1. That in the Shafi Law which governs the parties to this case the wife is entitled to recover arrears of maintenance, though not due under a decree of Court or a mutual agreement, contrary to the Hanafi Law, admits of no doubt. For according to the theory of the former system, maintenance is a debt and not in the nature of a gratuity as is the doctrine of Hanafi lawyers. In the Hedaya (Hamilton, Volume I, page 398), it is expressly laid down as the rule of Hanafi Law that:
if a length of time should elapse during which the wife has not received any maintenance from her husband she is not entitled to demand any for that time except when the Kajee had before determined or decreed it to her.
2. Then the learned author after giving the reasons in support of the Hanafi view and in connection with the further deduction that 'arrears of decreed maintenance drop in the case of the death of either party' states, that
Shafi says that the maintenance is in all circumstances to be considered as a debt upon the husband in conformity with his tenet that it is not a gratuity but a return, wherefore it cannot drop like demands of the former description.
3. The Hedaya is devoted to the exposition of the Hanafi Law, but the erudition and accuracy of its learned author was so great that whenever according to the practice that prevailed in those days, he states on any point the contrary doctrine of the Shafi. or any other branch of the Sunni system, that statement may generally be safely accepted as correct. In Minhajet Talabin of Namawi, a high authority on the Shafi Law and recently translated by Messrs. Van Ien Beg and Howard it is stated (at page 385 of the translation):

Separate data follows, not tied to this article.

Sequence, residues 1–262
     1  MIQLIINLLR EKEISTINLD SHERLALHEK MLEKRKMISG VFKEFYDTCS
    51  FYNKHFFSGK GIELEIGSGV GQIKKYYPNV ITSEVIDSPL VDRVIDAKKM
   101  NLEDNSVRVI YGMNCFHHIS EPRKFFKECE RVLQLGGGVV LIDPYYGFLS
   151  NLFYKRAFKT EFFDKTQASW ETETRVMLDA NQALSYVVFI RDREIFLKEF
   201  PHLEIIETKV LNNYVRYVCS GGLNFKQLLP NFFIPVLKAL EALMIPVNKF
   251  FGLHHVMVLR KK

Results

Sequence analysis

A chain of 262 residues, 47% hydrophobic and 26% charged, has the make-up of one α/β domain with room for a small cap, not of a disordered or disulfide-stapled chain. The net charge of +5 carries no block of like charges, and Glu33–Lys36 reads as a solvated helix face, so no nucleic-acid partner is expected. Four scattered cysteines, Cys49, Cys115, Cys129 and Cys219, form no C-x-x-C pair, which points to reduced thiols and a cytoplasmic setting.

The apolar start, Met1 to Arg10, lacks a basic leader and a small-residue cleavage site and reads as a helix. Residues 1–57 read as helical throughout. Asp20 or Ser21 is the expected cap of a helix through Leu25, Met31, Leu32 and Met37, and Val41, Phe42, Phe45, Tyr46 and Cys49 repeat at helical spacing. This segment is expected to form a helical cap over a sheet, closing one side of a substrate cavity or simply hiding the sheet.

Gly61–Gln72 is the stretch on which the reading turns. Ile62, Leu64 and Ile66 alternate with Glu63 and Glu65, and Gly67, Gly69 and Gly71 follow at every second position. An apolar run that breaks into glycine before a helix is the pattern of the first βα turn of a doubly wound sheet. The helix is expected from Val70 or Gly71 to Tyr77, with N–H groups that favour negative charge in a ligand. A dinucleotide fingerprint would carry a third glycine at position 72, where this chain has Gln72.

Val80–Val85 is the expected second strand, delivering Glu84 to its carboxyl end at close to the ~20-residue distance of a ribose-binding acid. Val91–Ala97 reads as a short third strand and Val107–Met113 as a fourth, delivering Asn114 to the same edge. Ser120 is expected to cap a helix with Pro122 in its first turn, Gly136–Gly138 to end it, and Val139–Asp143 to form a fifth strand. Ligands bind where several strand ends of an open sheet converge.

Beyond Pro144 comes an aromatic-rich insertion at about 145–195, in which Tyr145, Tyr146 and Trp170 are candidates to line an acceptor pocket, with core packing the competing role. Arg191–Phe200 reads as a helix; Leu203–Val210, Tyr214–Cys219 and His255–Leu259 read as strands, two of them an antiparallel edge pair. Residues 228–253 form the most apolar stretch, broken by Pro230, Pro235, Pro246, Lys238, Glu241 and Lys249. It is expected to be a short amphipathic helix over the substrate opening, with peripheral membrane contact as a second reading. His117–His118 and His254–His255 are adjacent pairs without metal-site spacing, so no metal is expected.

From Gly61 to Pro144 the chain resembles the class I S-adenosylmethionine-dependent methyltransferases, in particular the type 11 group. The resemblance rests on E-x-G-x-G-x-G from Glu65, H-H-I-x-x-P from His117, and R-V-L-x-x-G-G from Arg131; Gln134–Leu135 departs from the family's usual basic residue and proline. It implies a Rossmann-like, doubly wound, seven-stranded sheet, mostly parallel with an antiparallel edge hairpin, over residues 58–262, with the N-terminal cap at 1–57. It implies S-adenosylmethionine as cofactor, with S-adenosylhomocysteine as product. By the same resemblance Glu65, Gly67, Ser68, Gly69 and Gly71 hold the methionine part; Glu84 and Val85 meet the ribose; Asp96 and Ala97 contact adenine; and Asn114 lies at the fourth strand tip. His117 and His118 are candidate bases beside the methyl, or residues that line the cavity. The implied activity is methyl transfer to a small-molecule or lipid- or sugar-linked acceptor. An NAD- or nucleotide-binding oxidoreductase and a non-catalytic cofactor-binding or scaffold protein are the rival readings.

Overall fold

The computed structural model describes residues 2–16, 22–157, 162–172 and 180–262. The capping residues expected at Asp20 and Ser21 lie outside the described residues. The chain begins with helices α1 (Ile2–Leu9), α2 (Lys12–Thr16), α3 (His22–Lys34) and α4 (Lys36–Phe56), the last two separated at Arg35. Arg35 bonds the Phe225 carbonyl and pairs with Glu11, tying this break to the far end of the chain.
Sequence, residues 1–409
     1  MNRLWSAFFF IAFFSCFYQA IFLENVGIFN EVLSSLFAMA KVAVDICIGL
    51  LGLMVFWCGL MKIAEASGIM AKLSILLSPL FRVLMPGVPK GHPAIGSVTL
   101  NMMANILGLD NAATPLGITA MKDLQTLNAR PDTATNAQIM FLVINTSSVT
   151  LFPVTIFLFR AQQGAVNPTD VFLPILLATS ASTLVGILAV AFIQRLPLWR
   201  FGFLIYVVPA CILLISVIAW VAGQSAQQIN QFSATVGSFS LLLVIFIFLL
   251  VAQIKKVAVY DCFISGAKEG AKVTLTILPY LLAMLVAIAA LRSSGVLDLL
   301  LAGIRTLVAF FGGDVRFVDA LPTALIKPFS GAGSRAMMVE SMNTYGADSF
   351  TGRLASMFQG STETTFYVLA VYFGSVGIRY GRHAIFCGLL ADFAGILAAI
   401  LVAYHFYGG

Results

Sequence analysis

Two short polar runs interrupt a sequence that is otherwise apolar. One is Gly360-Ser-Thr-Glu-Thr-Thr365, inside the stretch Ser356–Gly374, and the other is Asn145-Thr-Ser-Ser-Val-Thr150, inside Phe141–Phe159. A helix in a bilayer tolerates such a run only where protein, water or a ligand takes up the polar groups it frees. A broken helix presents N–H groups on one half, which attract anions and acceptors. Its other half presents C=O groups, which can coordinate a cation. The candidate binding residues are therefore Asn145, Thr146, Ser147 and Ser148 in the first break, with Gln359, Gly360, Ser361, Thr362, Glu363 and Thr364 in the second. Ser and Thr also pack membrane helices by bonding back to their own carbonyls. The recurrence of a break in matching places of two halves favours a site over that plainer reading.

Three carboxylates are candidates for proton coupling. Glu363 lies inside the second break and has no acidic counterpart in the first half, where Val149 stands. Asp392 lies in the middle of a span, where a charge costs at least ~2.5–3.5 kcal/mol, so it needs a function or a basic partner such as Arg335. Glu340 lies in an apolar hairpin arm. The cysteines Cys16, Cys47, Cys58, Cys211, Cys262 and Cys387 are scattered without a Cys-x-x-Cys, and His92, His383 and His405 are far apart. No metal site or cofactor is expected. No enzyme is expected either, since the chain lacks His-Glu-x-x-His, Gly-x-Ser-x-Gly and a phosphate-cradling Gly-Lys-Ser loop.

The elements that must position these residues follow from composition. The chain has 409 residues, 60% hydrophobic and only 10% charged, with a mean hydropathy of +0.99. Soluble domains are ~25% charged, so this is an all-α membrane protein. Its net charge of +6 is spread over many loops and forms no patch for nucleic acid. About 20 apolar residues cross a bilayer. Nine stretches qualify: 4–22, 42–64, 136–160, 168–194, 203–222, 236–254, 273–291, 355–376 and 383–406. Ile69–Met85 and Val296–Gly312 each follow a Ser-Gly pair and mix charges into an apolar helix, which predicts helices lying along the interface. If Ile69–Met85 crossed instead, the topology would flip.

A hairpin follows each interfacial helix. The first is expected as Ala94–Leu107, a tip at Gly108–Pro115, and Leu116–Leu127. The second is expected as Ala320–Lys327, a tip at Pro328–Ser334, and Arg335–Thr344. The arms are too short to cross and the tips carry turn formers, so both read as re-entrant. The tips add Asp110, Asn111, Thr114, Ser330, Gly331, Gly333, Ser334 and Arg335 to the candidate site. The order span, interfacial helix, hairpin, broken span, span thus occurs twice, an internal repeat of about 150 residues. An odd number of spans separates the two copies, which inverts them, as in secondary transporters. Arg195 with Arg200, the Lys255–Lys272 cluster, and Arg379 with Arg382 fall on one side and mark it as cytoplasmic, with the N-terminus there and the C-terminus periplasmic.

During his stay in Egypt, Shafi adopted the doctrine that a wife's maintenance is obligatory only if she puts herself at her husband's disposition and not in virtue of the contract of marriage consequently a husband owes his wife no maintenance so long as she refuses to come to him; but owes it from the moment he hears she is willing to put herself at his disposition.
4. Then further on it is laid down:
when a husband during his marriage becomes so insolvent that he can no longer give the minimum maintenance proscribed, but his wife in spite of this continues to live with him the maintenance becomes a debt due to her from him and exigible at any moment.
5. This makes it clear that according to the Shafi school arrears of maintenance can be recovered by the wife counting from the date when her husband wrongfully refused or neglected to maintain her.
6. In Tohfatal Mierhaj which is an authoritative commentary on the Mirhaj by Shahabuddin Ahmad Ibu Hayanul Hailini who flourished in the sixteenth century, it is expressly stated that the maintenance is a debt on her husband' even if it was not decreed by the Kazee' (Volume 3, page 382, in original Arabic text). The law therefore is correctly stated in Mr. Tyabji's Principles of Muhammadan Law, Section 307, cited in the lower Court's judgments. It may however be pointed out that in paragraph Civil Revision Petition No. 951 of 1916 praying the High Court to revise the order of D.G. Waller, the District Judge of Coimbatore, in Civil Miscellaneous Appeal No. 6 of 1916, preferred against the order of 8. Raja Gopala Ayyangar, the District Munsif of Tiruppur, in Original Suit No. 1631 of 1915 of that section 'Sunni Law' is a mistake for the 'Hanafi Law,' The decision in Abdul Futter Moulvie v. Pabunesa Khatun I.L.R. (1881) Calc. 631 is according to the Hanafi school of law which is followed by the Muhammadans of Bengal generally. The appeal is dismissed with costs.